Erev Yom Kippur

Had a good dinner tonight including Artichoke Chicken, Mashed Potatoes, Roasted Vegetables and a salad. Dessert was a individual brownie with Ice cream. The brownie was unfortunately overcooked, but still OK. It is hard to compete with the Ghirardelli boxed brownie mix.

We watched the Steven S. Wise Erev Yom Kippur service via Youtube. They did a phenomenal job on message and production. Rabbi Ron Stern’s sermon was a direct call out on the failings of President Trump without ever naming him. He called out five items that we need to do to bring our country back from the challenges we face:

  1. We recognize that it is a collective task – Only by working together can we achieve big tasks. It is not us against them, it is us against the problem.
  2. We are ready to truly listen – In order to be us against the problem, we have to truly listen to each other and understand the problems that face us. We must listen to those most affected and those most knowledgeable.
  3. We embrace and explore nuance – We face serious problems that require serious solutions. Trying to characterize the problem by an outlier divides us. Our issues are complex and sweeping. They must be addressed at multiple levels and reassessed regularly to make changes as needed. There is not one solution that fits all and not all mistakes indicate failure.
  4. We are dedicated to finding common ground – As a people, we share most of our desires. We want opportunity to succeed, a happy life for ourselves and a better life for our children. Many of the issues that divide us we are not actually that far apart from each other.
  5. We recognize the good in other – As a whole, we are a good people that want to accomplish their dreams and make a better world.

After the sermon, we got into talking politics and my father-in-law asked me how I felt about a 25 year old who refused to get a job and existed on the government dime. Was I resentful that I worked my ass off to get where I was and my tax money was going to fund this person. Shouldn’t they have to work the same as me to get ahead?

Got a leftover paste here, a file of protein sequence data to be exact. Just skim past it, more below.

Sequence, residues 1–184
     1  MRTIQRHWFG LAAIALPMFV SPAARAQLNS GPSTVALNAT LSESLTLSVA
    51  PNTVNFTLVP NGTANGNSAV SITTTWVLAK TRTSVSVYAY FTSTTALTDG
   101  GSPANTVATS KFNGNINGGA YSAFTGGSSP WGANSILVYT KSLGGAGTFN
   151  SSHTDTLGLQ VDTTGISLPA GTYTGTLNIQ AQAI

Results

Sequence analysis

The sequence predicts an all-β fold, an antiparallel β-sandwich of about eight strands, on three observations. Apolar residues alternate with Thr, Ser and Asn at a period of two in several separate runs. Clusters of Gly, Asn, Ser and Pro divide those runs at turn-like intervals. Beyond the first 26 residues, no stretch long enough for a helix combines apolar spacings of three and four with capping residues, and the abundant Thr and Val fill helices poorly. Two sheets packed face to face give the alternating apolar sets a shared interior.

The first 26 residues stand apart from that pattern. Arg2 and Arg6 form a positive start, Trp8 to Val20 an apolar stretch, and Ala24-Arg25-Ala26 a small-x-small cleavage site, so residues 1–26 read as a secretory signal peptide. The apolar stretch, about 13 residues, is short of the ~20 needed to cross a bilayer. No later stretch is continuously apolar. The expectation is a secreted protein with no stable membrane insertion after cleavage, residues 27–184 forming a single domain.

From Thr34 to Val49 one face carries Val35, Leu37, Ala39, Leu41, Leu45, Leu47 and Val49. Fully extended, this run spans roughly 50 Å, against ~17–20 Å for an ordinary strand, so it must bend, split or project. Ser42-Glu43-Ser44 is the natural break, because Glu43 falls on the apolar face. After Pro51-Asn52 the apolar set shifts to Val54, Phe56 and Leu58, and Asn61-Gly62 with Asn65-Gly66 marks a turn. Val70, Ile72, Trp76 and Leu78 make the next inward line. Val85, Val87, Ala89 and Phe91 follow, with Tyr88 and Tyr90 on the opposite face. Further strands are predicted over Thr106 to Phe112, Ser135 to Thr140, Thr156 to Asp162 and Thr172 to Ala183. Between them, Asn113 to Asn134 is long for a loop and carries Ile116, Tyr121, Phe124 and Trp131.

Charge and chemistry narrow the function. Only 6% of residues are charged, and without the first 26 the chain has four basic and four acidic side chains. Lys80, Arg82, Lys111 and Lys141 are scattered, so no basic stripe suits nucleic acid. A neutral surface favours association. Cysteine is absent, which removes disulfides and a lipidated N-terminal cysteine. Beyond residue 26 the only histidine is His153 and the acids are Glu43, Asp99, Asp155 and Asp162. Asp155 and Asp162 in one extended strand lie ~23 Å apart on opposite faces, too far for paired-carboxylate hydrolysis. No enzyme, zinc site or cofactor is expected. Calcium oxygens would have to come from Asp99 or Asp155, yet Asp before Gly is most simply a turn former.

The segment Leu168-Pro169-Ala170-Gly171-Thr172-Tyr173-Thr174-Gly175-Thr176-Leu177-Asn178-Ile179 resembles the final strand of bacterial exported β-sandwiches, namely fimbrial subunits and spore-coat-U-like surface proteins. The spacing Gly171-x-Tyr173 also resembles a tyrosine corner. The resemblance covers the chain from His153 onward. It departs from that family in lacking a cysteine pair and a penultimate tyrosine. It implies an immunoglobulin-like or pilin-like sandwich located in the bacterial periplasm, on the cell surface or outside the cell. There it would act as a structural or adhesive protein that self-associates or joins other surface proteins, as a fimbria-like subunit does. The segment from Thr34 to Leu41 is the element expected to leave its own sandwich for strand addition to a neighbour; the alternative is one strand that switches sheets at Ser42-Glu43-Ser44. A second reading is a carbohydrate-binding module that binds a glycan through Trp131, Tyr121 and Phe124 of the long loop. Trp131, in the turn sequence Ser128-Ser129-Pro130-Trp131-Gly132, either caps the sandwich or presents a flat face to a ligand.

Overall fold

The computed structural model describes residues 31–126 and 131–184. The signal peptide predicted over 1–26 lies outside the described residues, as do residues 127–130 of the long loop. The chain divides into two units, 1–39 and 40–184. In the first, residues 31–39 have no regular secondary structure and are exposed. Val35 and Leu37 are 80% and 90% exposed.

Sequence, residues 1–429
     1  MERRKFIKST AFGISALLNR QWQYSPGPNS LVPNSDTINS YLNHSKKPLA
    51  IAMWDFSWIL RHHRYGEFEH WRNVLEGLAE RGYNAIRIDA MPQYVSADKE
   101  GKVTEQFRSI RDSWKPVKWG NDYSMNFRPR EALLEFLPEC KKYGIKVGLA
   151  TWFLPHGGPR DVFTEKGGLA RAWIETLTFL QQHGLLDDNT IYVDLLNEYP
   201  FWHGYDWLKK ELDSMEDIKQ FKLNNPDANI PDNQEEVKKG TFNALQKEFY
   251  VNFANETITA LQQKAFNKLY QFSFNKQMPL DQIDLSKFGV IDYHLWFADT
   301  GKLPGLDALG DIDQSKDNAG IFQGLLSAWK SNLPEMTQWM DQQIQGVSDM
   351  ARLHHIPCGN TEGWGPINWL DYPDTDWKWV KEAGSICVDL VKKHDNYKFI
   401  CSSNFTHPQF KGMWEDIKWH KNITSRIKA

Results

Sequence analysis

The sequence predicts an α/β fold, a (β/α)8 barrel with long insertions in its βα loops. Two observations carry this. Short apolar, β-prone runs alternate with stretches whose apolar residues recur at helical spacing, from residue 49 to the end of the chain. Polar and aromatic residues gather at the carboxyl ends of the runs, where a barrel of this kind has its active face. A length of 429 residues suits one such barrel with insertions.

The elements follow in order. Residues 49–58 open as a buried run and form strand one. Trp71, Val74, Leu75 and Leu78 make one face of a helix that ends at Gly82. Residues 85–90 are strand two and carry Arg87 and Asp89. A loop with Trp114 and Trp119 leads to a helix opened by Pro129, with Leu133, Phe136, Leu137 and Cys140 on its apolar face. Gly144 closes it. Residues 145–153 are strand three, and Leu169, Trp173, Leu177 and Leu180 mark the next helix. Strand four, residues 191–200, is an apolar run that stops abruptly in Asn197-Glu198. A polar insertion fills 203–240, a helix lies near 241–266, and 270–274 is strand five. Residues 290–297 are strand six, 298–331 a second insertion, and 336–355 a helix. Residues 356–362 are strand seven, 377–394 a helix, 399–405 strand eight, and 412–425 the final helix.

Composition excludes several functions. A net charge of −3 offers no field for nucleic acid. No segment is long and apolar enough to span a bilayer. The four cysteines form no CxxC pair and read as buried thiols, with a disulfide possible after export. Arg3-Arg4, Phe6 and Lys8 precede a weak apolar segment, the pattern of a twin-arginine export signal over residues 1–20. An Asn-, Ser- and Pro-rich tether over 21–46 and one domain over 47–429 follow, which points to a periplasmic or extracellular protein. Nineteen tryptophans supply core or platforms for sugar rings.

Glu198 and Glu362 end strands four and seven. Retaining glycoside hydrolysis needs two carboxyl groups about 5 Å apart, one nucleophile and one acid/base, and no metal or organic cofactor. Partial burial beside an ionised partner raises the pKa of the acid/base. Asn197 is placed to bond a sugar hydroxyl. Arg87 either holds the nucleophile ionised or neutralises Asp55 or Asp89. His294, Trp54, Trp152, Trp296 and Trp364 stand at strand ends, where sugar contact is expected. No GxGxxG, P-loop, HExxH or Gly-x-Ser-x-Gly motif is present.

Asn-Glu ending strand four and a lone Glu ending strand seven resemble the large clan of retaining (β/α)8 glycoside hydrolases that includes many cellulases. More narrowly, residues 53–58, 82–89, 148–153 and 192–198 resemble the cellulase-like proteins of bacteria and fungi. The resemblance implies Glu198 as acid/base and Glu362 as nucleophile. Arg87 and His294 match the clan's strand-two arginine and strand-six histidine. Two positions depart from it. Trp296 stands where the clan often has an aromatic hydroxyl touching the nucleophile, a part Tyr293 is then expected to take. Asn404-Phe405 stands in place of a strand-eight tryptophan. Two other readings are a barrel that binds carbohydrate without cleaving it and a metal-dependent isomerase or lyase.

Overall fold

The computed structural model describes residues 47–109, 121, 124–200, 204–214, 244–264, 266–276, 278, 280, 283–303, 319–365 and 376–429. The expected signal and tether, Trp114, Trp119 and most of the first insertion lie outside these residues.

Is there a small percentage of people who abuse that system? yes. There are those who abuse their employers in much the same way by doing shoddy work, stealing or committing other offenses. There are those that abuse their family members kindness. These types of people need to be held accountable for their decisions and, where possible, educated to do other things.

I do not resent them. I’m not resentful of that young man. I may pity him some, but otherwise I don’t think about that person and how they may exist off of tax money we pay. I think of the sheer amount of people that welfare, SNAP, school lunches, pell grants and other social components have helped to get ahead.

The question itself is an example of forgetting all five things put forth by the Rabbi.

  1. This young man is a member of our American community and he has both a responsibility to us as we do to him. He should be held accountable for his actions and we need to be held accountable to providing training for him.
  2. Did we really listen to what he was saying. Perhaps he truly is disabled and the Judge Judy show was trying to be entertaining and divisive
  3. Where is the nuance in discovering the truth of the story and the potential for a solution. Is it a breakdown of the system, the person, the community or something else?
  4. Was there an attempt to find common ground with the person to move forward. Did they live in a small town that had no work for someone with his disability? Another mitigating factor? Did working a job jeopardize his access to needed healthcare? Perhaps there is a need to change the system or accept the results of the system that was built even if they aren’t perfect
  5. Was this a good man or a bad man? Start with the premise that he is a man and he does want to do good. Until proven otherwise, go with that.

I don’t resent this man, because I don’t truly know his situation. Republicans have spent decades trying to convince us that Welfare Queens existed and are extorting money from the hardworking American. Because there were a few bad apples, the entire thing had to go.

What do I resent? I resent the reliance of corporations on government money going to working families because the family can’t live on the wage they are given. Is this not the definition of corporate welfare. I resent the fact that many families are bankrupted by medical bills that are no fault of their own. I resent that hard work alone is no longer sufficient to raise a family. I resent that Americans have been convinced that taxation is evil because it is exploited by some massive conspiracy of the poor. Listen to our community, understand the nuance, find common ground and think that people try to be good.